Television shows like Prison Break and movies like The Shawshank Redemption portray a skewed version of what goes on behind the walls of a prison. Robert D. Hannigan sets the record straight with his memoir, A Forty Year Journey in Corrections. Here he offers anecdotes, history lessons, moral conundrums, and a hearty dose of real life experience to counteract the Hollywood interpretation so many of us rely on.
Hannigan began his career as a guard working the night shift at Kansas State Industrial Reformatory. Though inmates threw glass jars and bars of soap at him on his first night, he soon earns their respect by refusing to be frightened away. Perhaps his training as a marine helped him stay so strong in the face of burly convicts. Over the next few decades, Hannigan honorably climbs the promotional ladder all the way to warden, witnessing events that are sad, bizarre, funny, horrific, and all degrees in between.
Most of the chapters are written in a friendly, conversational tone that is pleasant to read, even when the subject matter involves deceit and danger. For instance, the story about an unfortunate incident during which a new vehicle, an International Travel-All, ends up deep in a reservoir, begins like this: “It must have been close to midnight when my telephone rang one night back in 1971. Now, over the years I had gotten a lot of calls late at night, but this one would be different. The voice on the line said, ‘We have a little problem here at the Perry Honor Camp…’ I advised him that I liked little problems, but I was sure he wasn’t calling because he had a small problem.” Hannigan goes on to describe how the leader of an ill-fated fishing expedition neglected to set the emergency break, and the group later had to dodge the runaway truck. This jocular tone works well with this humorous story of human error and forgiveness. However, when more than a hundred chapters begin in this same spirit, the chatty introductions soon grow repetitive.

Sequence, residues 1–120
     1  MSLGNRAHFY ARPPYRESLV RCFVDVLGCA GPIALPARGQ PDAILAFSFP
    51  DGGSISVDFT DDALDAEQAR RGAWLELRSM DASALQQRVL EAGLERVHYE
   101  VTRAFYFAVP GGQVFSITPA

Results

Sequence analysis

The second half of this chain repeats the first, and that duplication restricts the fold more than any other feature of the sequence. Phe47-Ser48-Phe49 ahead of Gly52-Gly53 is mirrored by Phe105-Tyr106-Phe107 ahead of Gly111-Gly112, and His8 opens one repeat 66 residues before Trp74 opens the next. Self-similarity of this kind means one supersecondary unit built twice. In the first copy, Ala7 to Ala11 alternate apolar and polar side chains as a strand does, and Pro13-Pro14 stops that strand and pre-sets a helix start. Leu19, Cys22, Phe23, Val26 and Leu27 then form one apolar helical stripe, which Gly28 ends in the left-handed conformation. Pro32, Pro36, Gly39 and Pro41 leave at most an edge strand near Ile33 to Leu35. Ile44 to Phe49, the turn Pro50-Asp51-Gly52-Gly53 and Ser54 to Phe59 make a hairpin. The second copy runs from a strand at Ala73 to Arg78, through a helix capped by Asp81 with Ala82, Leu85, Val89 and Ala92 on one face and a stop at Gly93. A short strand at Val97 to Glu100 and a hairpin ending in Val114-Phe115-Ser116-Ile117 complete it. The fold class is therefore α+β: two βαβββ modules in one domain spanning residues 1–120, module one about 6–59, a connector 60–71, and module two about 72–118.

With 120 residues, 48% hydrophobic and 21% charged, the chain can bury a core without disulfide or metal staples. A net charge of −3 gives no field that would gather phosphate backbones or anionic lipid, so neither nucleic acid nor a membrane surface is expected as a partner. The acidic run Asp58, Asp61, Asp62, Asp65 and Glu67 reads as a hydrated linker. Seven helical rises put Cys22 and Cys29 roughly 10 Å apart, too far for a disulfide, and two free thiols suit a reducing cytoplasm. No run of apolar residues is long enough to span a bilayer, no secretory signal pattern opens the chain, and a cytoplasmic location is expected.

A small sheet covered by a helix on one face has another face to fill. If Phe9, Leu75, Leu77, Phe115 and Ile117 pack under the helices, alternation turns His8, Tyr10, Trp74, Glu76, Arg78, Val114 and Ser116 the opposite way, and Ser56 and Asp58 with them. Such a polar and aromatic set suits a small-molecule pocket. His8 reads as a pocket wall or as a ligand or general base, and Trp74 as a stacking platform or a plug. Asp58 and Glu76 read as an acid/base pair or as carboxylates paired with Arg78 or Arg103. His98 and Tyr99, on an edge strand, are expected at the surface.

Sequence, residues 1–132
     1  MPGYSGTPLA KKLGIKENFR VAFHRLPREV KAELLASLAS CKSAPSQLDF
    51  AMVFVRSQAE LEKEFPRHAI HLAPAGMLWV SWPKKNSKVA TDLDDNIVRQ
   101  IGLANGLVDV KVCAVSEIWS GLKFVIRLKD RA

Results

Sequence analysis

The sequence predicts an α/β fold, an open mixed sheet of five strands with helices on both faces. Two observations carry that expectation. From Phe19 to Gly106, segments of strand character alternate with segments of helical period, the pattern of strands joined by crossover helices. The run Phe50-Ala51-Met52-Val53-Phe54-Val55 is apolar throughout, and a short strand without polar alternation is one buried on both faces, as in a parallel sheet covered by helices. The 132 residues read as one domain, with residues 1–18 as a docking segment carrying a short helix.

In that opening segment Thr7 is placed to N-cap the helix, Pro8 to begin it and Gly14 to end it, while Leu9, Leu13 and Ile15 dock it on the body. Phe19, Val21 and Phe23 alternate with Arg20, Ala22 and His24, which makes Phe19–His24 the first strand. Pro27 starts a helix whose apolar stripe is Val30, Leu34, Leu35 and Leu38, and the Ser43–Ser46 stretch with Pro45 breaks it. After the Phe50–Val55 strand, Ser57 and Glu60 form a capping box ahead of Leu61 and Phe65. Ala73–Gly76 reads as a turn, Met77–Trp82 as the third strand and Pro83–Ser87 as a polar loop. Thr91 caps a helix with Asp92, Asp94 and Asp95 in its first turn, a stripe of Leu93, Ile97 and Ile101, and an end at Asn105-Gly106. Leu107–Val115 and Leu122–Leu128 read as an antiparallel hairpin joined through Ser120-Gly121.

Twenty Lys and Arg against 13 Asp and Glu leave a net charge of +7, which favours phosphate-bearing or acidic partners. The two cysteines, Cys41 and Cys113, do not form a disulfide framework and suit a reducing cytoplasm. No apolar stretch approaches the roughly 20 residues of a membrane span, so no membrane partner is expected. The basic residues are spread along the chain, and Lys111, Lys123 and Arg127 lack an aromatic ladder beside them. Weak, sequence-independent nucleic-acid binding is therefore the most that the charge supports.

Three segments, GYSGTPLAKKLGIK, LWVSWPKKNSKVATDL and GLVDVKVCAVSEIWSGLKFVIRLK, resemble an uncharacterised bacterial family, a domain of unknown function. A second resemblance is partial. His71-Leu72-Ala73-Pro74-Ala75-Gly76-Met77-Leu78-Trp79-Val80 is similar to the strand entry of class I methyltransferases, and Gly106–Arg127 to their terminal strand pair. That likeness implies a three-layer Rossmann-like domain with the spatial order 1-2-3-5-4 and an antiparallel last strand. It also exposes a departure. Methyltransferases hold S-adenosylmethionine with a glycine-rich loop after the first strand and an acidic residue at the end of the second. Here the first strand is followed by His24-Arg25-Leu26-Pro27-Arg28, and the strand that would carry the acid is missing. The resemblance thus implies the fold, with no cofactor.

Many of Hannigan’s chapters are personal stories about his experiences with inmates and other personnel, but he occasionally veers off into accounts of renovations, complaints about political favoritism, and musings on various recurring problems, such as over-crowding. Hannigan’s career certainly encompassed all these elements, but readers may respond with more consistent interest if he’d chosen to explore either the personal or the business aspect.
Though his memoirs are overly long, often repetitive, and dichotomous, Hannigan does manage to make his readers smile at the bizarre patterns of human behavior. Thieves, murderers, rapists: Hannigan was exposed to the worst of humanity and still managed to rise above it with grace and humor.
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